ISTFEVENS. 225 Warburton 'has taken soide pains to amend' tliis passage, which does not require 'it'; aid Lucio's subseqnient reply to Elbow, show's that his anvend, a meut cannot be right. When I ucio' a
advises Pom. pey to say he sent him to the prison, and in his
next" speech desires him to commend him to the prison, he speaks as one who had some "iiftetést 'there, and was well known to the keepers.
gr M. MASON. 5.°P. 138, 1. 5. 6. You will turn good husband shot, Pompey: you"Will keep the house. ) Alliding
to the etymology of the word husband. MALONE. 32920
it is not the wear.] 1. e. it is not the fashion.
5!3!, OTI PAW384 d. lk foto kennel, Pompey , 380 :] It should be remembered as that Pomj:43 is the *@ommon name of a dog.. to, which allusion is made in the mention of a kennel. JOHNSON bal. 739, 1. A. and fol. Yes', replies Lucio, the
vice is of great kindredgi it is welt allgid:61c. TAs much as to sayy Yes, truly, it is general y for 5 the greatest men have it as well as we fåtle folks. ( Hit the lower he taxdo the Duke personally with it. • to piimuugi dio sbak os 95 - wrot To Be wants.
P. 139, 1. 17. A motion generative certainly means a puppet of the masculine gender; a thing that appears to have those powers of which it is not in reality possessed. SPEEVENS.
A motion ungenerative is a moving or animared body without the power of generation..
RITSON, P. 239, l. 28. I never heard the absent Duke much detected for women;] In 'the Statute zd Edward First, c. 15. the words gentz' rettez de felonie are rendered persons detected of felony, that is, .as [ conceive, suspected. REED.
'Detecied; however, may mean, notoriously charged, or guilty. So, in North's translation of Plutarch: he only of all other Kings in his time was most detected with this vice of leacherie“
MALONĖ. P. 139, 1. 34. to put a ducat in her clack. dish:] The beggars, two or three centuries ago, used to proclaim their want by a wooden : dish with a moveable cover, which they clacked, to show that their vessel was empty. This appears from a passage quoted on another occasion by . Dr. Grey. STEEVENS. P. 140,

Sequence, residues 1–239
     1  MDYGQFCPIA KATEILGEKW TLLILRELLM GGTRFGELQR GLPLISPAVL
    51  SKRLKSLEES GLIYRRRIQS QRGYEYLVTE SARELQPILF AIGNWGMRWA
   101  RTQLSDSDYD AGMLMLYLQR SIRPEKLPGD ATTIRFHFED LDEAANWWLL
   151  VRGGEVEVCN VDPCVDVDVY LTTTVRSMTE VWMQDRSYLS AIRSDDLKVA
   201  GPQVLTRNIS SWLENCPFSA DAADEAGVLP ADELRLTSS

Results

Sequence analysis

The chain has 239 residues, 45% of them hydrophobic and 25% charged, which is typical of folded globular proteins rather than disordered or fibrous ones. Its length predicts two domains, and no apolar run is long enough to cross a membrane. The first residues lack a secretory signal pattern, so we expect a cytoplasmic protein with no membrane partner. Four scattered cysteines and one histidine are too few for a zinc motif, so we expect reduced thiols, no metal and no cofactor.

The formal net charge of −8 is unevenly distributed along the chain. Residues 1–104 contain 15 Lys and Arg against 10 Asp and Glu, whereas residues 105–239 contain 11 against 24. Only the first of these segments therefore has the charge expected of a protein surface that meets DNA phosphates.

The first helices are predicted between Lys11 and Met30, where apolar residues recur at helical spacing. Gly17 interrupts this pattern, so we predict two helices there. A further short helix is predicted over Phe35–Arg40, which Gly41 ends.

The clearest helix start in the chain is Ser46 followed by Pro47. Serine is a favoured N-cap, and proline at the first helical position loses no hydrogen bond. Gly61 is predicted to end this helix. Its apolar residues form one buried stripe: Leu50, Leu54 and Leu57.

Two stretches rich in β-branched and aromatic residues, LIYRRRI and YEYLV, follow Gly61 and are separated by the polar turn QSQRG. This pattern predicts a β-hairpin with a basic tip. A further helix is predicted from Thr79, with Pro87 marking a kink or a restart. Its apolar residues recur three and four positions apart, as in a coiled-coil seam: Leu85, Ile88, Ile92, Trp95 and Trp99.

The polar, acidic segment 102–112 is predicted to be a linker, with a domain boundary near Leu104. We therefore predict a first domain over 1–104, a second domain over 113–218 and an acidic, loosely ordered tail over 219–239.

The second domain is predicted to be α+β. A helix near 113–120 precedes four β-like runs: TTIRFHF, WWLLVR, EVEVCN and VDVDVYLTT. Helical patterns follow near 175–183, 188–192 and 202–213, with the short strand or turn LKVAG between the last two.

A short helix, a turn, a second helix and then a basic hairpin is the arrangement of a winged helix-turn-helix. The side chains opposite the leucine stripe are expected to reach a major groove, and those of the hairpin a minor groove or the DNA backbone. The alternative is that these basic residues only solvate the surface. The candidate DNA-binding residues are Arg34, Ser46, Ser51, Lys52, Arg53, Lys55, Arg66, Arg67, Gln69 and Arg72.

1. 2. Inward is intimate. STEEVENS. P. 240,- 1. 3. A shy fellow was the Duke:} The meaning of this term may be best explained by the following lines in the fifth Act:
„The wicked'st caitiff on the ground,
MALONE. P. 140, 1. 8. The greater file] The larger - list, the greater number. JOHNSON. P. 140, k. 13. unweighing is e, inconsiderate, etc.
P. 140, l. 15. and the business he hath - helmed,] The difficulties he hath steer'd through, A metaphor from navigation. STEEYENS.
P. 141, l. 3. opposite i. e. opponent, ad. versary. STEEVENS.
P. 141, l. 12. ungenitur'd] This word seems to be formed from genitoirs, a word which occurs in Holland's Pliny, tom. ii. p. 321, 560, 589, and comes from the French genitoires, the genitats.
TOLLET. P. 41, l. 20. The Duke, I say to thee again, would eat mutton on Fridays. ] A wench was called a laced mitton. THEOBÁLD.
P. 141, 1. 21. He's now past it; yet,] Sir Thomas Hanmer reads He is not past it yet. This emendation was received in the former edition, but seems not necessary. It were to be wished, that we all explained more, and amended less.
JOHNSON, If Johnson understood the passage as it stands, I wish he had explained it.
Hanmer's amendment appears absolutely necessary. M. Mason.
I have inserted. Mr. M. Mason's remark : and yet the old reading is, in my opinion, too intelli. gible to need explanation. STEEVENS.
P. 141, l. 22. though she smelt brown bread vand garlick :) This was the phraseology of our author's time. In The Merry Wives of Windsor, Master Fenton is said to „smell April and May,“ not to smell of, etc. MALONE.
P. 14%, l. 2., forfeit i. e. transgress, offend; from the French forfaire. STEEVENS.
P. 142, 1, 3. mercy swear,] We shonld read swerve, i.'e,. deyiate from her nature. The common reading gives us the idea of a ranting, whorc.